To call ‘The Da Vinci Code’ one of the most controversial films of our time would not be factually incorrect. Not only did prominent religious bodies like The Vatican called for its boycott, but the movie was also banned in countries like Syria, Belarus, and Jordan for the religious liberties that the plot takes. These reactions are somewhat understandable, but this also prompts the question – is the narrative rooted in reality? Our curiosity got the best of us, so we embarked on a mission to find out exactly how much of the story makes use of religious conspiracies. Here, we discuss what we have uncovered.
Is The Da Vinci Code Based on a True Story?
No, ‘The Da Vinci Code’ is not based on a true story. In fact, ardent fans (like us) would have read Dan Brown’s novel of the same name, which served as an inspiration for the plot. When asked about the veracity of the events depicted in the book, the author stated, “99 percent of it is true. All of the architecture, the art, the secret rituals, the history, all of that is true, the Gnostic gospels. All of that is — all that is fiction, of course, is that there’s a Harvard symbologist named Robert Langdon, and all of his action is fictionalized. But the background is all true.”
In fact, Sir Ian McKellen, who plays the Holy Grail scholar, Sir Leigh Teabing, once stated in an interview that he believed the book in its entirety when he first read it. Nonetheless, he added, “But when I put it down I thought, ‘What a load of … [eloquent pause] potential codswallop.’” To understand what the revered actor is talking about, let us discuss the premise once. It all starts when a Louvre curator, Jacques Saunière, is murdered.
The police find his body posed as Da Vinci’s ‘Vitruvian Man’ and contact famed American scholar and symbologist, Robert Langdon (Tom Hanks), to examine the body. However, there is a catch! Sophie Neveu, the curator’s granddaughter (who also works as a police cryptographer), alerts Langdon that the police think that he is guilty since the last line of the secret message left behind by Saunière reads “P.S. Find Robert Langdon.” However, the authorities had wiped it before his arrival.
Apart from this, Saunière also leaves behind an out of order Fibonacci sequence. The pair then follow the clues and realize that the old man was a part of the fabled Priory of Sion. Following this, they go on a wild goose chase for the Holy Grail. It is on this journey that various facets of theology and religion are discussed. Some of the theories incorporated in the script have to do with Jesus’ marriage to Mary Magdalene and his divinity.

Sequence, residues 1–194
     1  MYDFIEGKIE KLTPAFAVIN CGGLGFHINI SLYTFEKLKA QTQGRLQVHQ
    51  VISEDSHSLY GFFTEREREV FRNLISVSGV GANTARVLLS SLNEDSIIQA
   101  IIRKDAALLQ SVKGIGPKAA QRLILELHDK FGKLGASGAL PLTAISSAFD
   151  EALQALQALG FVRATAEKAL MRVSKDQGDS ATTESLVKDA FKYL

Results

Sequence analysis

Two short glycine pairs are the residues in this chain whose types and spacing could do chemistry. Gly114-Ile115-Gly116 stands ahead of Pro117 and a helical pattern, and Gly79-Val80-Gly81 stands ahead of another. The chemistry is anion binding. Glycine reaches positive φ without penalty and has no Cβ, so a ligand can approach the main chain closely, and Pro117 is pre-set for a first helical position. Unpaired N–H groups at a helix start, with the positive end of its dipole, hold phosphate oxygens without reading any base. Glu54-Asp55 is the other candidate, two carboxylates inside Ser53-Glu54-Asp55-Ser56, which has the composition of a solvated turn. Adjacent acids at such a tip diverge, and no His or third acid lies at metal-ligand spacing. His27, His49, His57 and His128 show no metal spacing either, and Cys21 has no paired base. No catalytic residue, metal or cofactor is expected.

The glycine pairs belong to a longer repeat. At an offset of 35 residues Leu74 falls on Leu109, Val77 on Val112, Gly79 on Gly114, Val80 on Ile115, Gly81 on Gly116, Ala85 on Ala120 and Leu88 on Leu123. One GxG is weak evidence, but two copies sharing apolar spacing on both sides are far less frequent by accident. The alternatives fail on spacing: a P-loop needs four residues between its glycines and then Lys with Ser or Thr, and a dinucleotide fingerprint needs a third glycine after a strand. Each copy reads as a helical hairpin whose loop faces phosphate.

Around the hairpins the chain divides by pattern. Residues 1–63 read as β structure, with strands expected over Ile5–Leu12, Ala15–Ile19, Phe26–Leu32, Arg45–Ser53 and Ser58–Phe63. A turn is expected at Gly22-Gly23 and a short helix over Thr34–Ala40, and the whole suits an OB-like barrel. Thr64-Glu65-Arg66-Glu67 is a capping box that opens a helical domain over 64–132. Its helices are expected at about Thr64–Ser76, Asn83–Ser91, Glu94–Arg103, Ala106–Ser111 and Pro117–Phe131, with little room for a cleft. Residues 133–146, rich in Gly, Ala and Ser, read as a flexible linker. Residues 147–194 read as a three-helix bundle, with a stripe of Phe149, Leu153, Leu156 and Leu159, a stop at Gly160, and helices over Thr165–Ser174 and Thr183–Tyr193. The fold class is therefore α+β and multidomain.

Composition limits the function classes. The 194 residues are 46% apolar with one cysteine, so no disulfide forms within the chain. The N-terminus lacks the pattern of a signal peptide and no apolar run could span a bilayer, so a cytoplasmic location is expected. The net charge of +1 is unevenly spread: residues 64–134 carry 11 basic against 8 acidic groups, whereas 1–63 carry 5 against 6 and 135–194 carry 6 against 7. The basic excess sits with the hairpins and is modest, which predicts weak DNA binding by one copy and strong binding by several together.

In fact, Sir Ian McKellen’s character argues that the Holy Grail was never a cup or a chalice. Contrary to popular belief, he postulates that it is actually Mary’s womb (or the vessel for Jesus’ bloodline). His evidence? The French word for the Holy Grail is “Sangreal.” However, if you split the word, you get “Sang Real,” which translates to “Royal Blood.” At one point, Sir Teabing and Robert also debate the role of the Council of Nicaea (as far as Jesus’ godliness is concerned), the Pagan religion, and the Catholic Inquisition.
Theories like this are sprinkled throughout the movie. While they are extremely intriguing and fascinating, it is imperative to remember that, at the end of the day, they have not been proven. So we suggest taking the movie with a pinch of salt. After all, that is what Hanks recommended as well— “We always knew there would be a segment of society that would not want this movie to be shown. But the story we tell is loaded with all sorts of hooey and fun kind of scavenger-hunt-type nonsense.” He added, “It’s a damn good story and a lot of fun… all it is, is dialogue. That never hurts.”
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